I grew up in an immigrant household in which my parents not only worked full-time but often made it home well past dinner. Their busy work schedules meant I had to fend for myself in the kitchen, using whatever ingredients we had in the cupboard while cooking shows on the Food Network provided background guidance. When I was feeling adventurous, I would challenge my best friend to secret ingredient cookoffs (usually ketchup), experiment with creating meals in less than 30 minutes, and try to master the art of morning muffins without blowing up the kitchen.
In my vegan adult life, my passion for cooking has only grown. The added benefit of being able to buy my own groceries, peruse the internet for recipes, and understand the difference between baking soda and powder (just kidding, still have no idea) has fueled my curiosity in the kitchen. Through trial and error, I have learned to feed myself and others while developing what I like to think are some serious chops in the kitchen. Based on my self-taught experiences, here are my five top culinary tips to create praiseworthy (or at the least edible) vegan food.
1. DO batch cook
While following an entire recipe can be difficult for a first-timer, cooking separate ingredients and then pulling them together with an easy topping or sauce takes less know-how. For instance, put on a pot of quinoa while roasting a tray of lightly salted sweet potatoes, Brussels sprouts, and cauliflower. I also like to cut off the top of a whole head of garlic, drizzle a bit of oil, and throw that on the tray before tossing the softened roasted cloves into my one-bowl roasted vegetable meal. Finish this dish with a drizzle of prepared tahini dressing (try the one from Trader Joe’s), and you’ve got yourself a meal.
2. DON’T skimp on tools
When I was 13, I thought a spoon and a spatula were the same thing, but I’ve since discovered that I was wrong. I’ve also learned that my grandmother’s Sunbeam blender does not equal a Vitamix. Nor does a George Forman Grill compare to a real grill. So, learn from my mistakes, and invest in the essentials: a good set of measuring cups and spoons, a decent mixing bowl, a sharp chef’s knife, a high-speed blender, and a spiralizer. I promise, you won’t regret it.
3. DON’T let prickly pears scare you
… or any other unfamiliar ingredient for that matter. In a world where you can Google any intimidating food and learn how to prepare it, nobody should be afraid to cook with sunchokes, bitter melon, celeriac, lemon verbena, mustard greens, or prickly pears. I find the best approach to adding variety is zeroing in on one “strange” plant at a time and figuring out how to incorporate it into meals with which you’re already familiar. Slice a prickly pear atop of your oatmeal, and throw some mustard greens into the skillet with your kale. Before you know it, your repertoire will expand, and not even a Buddha’s hand will throw off your cooking game.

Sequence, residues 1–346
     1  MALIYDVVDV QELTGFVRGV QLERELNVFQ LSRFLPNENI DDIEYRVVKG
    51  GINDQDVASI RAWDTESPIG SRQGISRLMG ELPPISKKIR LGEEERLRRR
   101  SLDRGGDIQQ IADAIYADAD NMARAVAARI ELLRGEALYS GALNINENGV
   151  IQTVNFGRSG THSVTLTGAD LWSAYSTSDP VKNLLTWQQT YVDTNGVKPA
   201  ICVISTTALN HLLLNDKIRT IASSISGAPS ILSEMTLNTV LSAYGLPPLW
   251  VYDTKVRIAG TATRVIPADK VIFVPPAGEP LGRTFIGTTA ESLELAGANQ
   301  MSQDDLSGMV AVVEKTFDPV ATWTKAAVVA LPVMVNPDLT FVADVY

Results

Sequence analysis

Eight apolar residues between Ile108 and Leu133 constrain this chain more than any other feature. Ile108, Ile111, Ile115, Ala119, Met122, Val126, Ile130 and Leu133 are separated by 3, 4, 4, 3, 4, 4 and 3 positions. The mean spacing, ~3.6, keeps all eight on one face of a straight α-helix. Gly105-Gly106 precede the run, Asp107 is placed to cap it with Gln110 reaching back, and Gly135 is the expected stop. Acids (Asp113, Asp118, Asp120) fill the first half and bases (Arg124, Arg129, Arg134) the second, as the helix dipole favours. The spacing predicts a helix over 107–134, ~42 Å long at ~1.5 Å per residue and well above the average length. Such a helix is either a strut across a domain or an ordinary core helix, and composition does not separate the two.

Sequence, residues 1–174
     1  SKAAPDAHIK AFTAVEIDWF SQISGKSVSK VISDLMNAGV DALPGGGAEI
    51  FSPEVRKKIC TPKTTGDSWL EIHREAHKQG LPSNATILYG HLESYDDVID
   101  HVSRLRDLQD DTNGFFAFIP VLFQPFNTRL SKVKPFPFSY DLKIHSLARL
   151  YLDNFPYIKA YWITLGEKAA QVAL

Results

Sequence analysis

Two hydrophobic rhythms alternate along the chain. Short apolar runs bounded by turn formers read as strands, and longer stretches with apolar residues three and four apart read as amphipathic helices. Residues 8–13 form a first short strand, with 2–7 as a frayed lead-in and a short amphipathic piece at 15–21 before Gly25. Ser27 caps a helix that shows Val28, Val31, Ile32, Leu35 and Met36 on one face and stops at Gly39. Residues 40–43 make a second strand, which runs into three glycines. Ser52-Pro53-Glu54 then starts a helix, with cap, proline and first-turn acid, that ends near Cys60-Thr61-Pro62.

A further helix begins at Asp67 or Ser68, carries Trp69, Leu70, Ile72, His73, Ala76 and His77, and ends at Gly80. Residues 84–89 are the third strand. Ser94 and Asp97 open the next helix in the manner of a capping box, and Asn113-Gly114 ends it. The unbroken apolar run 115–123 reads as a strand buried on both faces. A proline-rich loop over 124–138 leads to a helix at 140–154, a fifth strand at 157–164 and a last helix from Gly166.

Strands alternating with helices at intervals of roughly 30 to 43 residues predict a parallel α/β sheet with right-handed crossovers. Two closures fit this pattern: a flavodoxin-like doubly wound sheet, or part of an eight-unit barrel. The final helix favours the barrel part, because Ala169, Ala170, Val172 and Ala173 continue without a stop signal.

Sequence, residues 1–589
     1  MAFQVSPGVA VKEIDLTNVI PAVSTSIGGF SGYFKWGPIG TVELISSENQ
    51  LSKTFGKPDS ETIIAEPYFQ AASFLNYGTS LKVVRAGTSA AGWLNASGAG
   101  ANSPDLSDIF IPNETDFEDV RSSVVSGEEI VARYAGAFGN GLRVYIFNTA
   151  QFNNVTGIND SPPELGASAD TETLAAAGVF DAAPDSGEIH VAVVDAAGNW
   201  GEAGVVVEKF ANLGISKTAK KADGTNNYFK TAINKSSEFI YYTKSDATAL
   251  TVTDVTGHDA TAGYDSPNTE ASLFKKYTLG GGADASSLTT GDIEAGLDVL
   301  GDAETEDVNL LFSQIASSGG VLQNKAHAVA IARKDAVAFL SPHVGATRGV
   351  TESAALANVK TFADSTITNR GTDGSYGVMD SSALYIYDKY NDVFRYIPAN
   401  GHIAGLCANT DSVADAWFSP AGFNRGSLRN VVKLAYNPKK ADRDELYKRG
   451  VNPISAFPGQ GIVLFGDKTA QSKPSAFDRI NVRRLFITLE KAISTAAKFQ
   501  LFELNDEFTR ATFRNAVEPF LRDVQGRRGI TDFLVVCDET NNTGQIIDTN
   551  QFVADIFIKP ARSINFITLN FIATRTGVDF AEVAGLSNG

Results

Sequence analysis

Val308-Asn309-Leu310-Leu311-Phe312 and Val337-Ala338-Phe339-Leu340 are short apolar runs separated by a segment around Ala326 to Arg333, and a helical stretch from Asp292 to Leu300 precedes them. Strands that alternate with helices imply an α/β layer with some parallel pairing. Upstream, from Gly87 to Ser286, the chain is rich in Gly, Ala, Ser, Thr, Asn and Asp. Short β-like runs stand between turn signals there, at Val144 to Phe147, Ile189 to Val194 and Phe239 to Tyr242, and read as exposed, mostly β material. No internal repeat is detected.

4. DO make friends with your freezer
I used to look at my freezer as an endless abyss of half-filled ice cube trays, but I have learned to use it to my advantage. Now, I like to think of my freezer as a time capsule that preserves the hard work I put into past meals. I’ll make a bigger batch of pasta sauce or double-up a soup recipe, then freeze leftovers for a day when cooking isn’t on the agenda. That way, I feel like I’m still active in the kitchen without spending much time cooking.
5. DON’T obsess over presentation
When sharing vegan food with friends, I always feel like I need to impress them with both flavor and presentation. Because of this, I imagine myself as a Michelin-starred chef when plating my finished dishes, with an orchestra accompanying my careful placement of glazed carrots atop a brightly colored purée smeared artfully across a pristine plate. The truth, however, is that often I’m just struggling to make things look less brown. Fresh green herbs, halved cherry tomatoes, and a bit of citrus zest can add a visual accent to a dish, while colorful plates in different shapes and sizes also create the illusion of interesting presentation. In the end, vegan cooking (and food sharing) is supposed to be both nourishing and fun. If all else fails, just put some nooch on it.
VegNews Editorial Assistant Anna Starostinetskaya likes to experiment in the kitchen and sings Russian folk songs while she’s cooking.
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